Miro, Joan – Spanish Artist

Joan Miro (Spanish, 1893-1983) Joan Miro lithograph, Signes Et Meteores, printed in colors, 1958, p4A item E8972489

Joan Miro was born in Barcelona, Spain, on April 20, 1893, the son of a watchmaker. From 1912 he studied at the Barcelona Ecole des Beaux-Arts and the Academie Gali. In the first quarter of the 20th century, Barcelona was a cosmopolitan, intellectual city with a craving for the new in art, music, and literature. But, it [...] Click here to continue reading.

Panoramic – Definition

Panoramic Views

Accurately rendering a panoramic view has long challenged, obsessed and inspired artists. The trend seems to have sprung up in the 17th century, with works that served both as slightly more helpful, more detailed maps with various public or important buildings marked, but also as advertisements for towns and cities. Matthaeus Merian, a Swiss engraver who spent most of his career in Frankfurt, where he also ran a publishing house passed to [...] Click here to continue reading.

Audubon, John James

John James Audubon (1785 to 1851)

John James Audubon was born in Haiti on April 26, 1785 on a sugar plantation, the son of Lt. Jean Audubon, a French naval officer, and Audubon’s mistress, Jeanne Rabin, a Louisiana chambermaid. After the death of Jeanne Rabin and a slave uprising that convinced Audubon’s father to give up his holdings in the colony, John James Audubon, still a toddler, and his younger sister returned to France [...] Click here to continue reading.

Cartouche – Definition

Cartouche – Definition

The decorative arts world has many “squishy” and vague vocabulary words, but few are “squishier” and vaguer than cartouche. Originally, the term comes from Egyptology and is used to describe a oval enclosing hieroglyphics and having a horizontal line at one end. (The line denotes royalty.) The oval had significance not unlike that of a closed circle, in that it was believed that an oval around a person’s name provided protection [...] Click here to continue reading.

Newcomb College Art Pottery

Newcomb College Art Pottery

Before it was revered for its art, and more specifically for its art pottery, Newcomb College was the country’s first degree-granting college for women within a major university. Its founder, Josephine L. Newcomb, envisioned an environment in which women would learn both practical skills and academic knowledge when she proposed the creation of the college in the memory of her daughter H. Sophie Newcomb, who died at 15. New Orleans’s [...] Click here to continue reading.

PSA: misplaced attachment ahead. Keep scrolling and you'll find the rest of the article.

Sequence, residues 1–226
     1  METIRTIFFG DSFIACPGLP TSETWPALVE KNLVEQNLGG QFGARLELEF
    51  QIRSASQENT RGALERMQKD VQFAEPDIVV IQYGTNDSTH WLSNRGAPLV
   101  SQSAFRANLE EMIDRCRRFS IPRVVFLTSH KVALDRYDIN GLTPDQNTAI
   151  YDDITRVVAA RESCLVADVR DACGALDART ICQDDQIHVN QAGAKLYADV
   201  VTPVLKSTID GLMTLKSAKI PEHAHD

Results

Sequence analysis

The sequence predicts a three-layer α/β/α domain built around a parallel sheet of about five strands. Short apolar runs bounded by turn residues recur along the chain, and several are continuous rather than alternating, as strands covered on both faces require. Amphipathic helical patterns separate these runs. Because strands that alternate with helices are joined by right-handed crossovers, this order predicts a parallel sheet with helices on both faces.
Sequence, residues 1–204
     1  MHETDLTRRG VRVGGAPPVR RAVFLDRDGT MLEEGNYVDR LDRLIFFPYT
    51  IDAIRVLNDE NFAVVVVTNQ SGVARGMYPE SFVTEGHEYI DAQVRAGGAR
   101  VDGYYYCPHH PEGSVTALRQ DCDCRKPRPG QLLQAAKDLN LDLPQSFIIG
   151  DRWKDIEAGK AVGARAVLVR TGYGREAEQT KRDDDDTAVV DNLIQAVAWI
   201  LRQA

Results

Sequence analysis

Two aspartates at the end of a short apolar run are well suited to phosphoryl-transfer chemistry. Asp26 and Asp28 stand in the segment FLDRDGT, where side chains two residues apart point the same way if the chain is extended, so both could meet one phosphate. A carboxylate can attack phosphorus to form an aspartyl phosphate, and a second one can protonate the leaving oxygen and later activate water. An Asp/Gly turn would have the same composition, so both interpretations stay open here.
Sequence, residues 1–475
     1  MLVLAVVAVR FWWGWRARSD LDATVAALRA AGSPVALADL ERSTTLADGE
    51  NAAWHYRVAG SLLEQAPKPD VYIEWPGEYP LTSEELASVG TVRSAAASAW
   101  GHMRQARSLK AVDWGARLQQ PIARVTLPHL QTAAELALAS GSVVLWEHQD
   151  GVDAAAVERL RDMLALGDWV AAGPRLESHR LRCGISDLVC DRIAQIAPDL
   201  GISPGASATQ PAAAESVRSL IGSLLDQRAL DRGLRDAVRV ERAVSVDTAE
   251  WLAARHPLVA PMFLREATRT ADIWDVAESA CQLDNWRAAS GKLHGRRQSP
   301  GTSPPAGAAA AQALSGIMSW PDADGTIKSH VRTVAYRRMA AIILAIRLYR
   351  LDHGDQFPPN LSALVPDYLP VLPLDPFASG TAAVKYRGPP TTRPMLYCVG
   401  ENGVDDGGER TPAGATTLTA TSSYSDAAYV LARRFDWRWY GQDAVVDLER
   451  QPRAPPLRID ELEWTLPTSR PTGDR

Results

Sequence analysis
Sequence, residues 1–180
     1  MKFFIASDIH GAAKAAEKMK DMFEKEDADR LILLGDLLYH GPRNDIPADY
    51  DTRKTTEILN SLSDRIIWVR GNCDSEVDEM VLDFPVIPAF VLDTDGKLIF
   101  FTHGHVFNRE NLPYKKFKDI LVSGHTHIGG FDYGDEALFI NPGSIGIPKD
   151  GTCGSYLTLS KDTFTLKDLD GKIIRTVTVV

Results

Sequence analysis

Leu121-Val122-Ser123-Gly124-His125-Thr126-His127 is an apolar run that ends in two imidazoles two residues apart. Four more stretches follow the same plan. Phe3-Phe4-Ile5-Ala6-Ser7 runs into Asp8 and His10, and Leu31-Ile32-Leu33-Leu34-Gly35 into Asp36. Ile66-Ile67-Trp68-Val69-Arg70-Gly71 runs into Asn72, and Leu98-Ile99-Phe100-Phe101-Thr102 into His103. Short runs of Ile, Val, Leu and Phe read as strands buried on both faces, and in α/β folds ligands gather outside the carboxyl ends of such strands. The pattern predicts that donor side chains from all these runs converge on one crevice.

Wood, Grant – American Artist

Grant Wood (1891 to 1942)

Grant DeVolson Wood was born February 13, 1891 in Anamosa, Iowa. When he was ten, his father died, prompting the family to relocate to Cedar Rapids, where he eventually found work in a metal-working shop. Finishing high school at Washington High School, he entered art school in Minneapolis in 1910. After a year in Minneapolis, he returned to Iowa and taught at a one-room school. In 1913, he returned [...] Click here to continue reading.

Vermeil – definition


“Vermeil” is a French word co-opted by the English in the 19th century for a silver gilt process. Vermeil is a combination of silver and gold, although other precious metals are also occasionally added, that is then gilded onto a sterling silver object. The reddish (vermilion) hue of the addition of the gold gives the product its name. Vermeil is commonly found in jewelry, and a standard of quality (10 karat gold) and [...] Click here to continue reading.



Dr. John Stith Pemberton (1831 to 1888), an Atlanta pharmacist, invented Coca-Cola in 1886. A year earlier, he had introduced an alcoholic beverage called “Pemberton’s French wine coca”, but the temperance movement was then gathering momentum in the United States, prompting him to develop an alcohol-free product. Pemberton mixed a combination of lime, cinnamon, coca leaves, and kola nuts to make the famous beverage. When Coca-Cola was first introduced, the syrup was mixed [...] Click here to continue reading.

Apocryphal – definition

Apocryphal – Definition

Apocryphal, the adjective form, means “of doubtful authenticity,” according to Merriam-Webster’s online dictionary. Apocrypha, the noun form, means “writings or statements of dubious authenticity,” again according to Merriam-Webster.

Apocrypha is actually a Greek word that means something closer to “obscure” or “hidden away.” The original meaning of the word, the Apocrypha in the proper noun sense, refers to religious texts outside of the traditional or accepted religious canon. Through connection with [...] Click here to continue reading.

Wilbur G. Adam – American Artist

Wilbur G. Adam (1898-1973)

A Cincinnati native and a decorated artist during his career, Wilbur Adam’s work has rarely surfaced on the market and has fallen into obscurity in recent years.

Collectors intimately familiar with the early 20th century school of Cincinnati artists might be surprised at Adam’s work and his association with many of the Queen City’s notables- including Frank Duveneck, Herman and Bessie Wessel, Lewis Henry Meakin, and Caroline Lord, to [...] Click here to continue reading.

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